If the rear derailleur is pulled backwards past a certain point, the cage lock engages and holds the rear derailleur in this open position. To release, push in the button that has popped out as shown above.

I think this cage lock feature is pretty useful as it makes it easier to install or remove the rear wheel. However, the mechanism feels rather flimsy due to the plastic button and other small parts which makes me wonder how durable it will be when actually used in the field.

Aluminium outer and inner links, with a large guide spring in the middle.

Cable routing is interesting as it routes along a large plastic cam that is attached to the outer link. This changes the pull ratio throughout the shifting stroke.

This aluminium cap houses the clutch mechanism inside. Not sure if it is meant to be serviceable or not.

Sticks out from the bike frame by a fair bit, as it does not have a Shadow design unlike Shimano rear derailleurs.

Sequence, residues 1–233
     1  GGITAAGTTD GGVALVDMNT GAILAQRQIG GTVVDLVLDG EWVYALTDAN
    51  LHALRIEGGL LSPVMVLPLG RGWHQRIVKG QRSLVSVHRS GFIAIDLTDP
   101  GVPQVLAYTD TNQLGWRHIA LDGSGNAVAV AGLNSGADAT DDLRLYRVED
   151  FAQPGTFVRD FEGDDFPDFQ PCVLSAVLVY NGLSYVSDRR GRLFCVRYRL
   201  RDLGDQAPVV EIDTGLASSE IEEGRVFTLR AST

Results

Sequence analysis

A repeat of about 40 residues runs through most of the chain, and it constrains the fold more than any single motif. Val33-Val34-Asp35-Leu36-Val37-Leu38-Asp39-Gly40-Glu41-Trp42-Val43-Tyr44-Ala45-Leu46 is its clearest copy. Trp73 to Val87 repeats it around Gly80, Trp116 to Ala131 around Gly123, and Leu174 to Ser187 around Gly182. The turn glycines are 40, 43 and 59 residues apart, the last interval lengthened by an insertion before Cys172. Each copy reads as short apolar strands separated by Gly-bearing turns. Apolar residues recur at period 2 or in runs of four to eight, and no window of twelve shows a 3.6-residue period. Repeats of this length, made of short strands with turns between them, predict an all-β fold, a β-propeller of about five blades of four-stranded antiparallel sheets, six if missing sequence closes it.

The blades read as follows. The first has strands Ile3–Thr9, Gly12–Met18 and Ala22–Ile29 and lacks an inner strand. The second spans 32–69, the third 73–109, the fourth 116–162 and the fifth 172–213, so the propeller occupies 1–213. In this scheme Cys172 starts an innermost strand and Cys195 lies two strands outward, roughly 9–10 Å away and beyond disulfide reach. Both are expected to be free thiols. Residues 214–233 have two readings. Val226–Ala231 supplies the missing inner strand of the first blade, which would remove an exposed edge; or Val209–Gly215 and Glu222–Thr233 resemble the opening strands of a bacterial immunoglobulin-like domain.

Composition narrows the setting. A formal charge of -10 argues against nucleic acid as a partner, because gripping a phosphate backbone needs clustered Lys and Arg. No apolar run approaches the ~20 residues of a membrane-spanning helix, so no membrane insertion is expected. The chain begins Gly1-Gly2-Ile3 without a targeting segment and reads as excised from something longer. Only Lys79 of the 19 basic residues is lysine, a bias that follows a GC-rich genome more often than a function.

The support arm for the barrel adjust is a separate aluminium piece that is bolted onto the bracket member. Looks like an afterthought to me.

Large pulleys are used to help reduce the cage length. The guide pulley on top has 12 tall teeth, while the tension pulley below has 14 shorter teeth.

Cage length is 76 mm, which is considered quite short. This is possible because it is designed exclusively for front single drivetrains, so it only has to cater for the chain capacity of the cassette.

The guide pulley has an offset of 40 mm from the centre of cage rotation. This helps the pulley reach the larger sprockets at the lower gears.

The Ekar rear derailleur looks like a pretty standard mechanical rear derailleur with a traditional construction, except for the unique cage lock feature located on the bracket member. It has a traditional cable stopping point, and sticks out quite a bit with respect to the bike frame. The clutch mechanism and effectiveness is unknown yet.

In the next post, I will introduce the highlight of this groupset, which is the 13 speed Ekar cassette!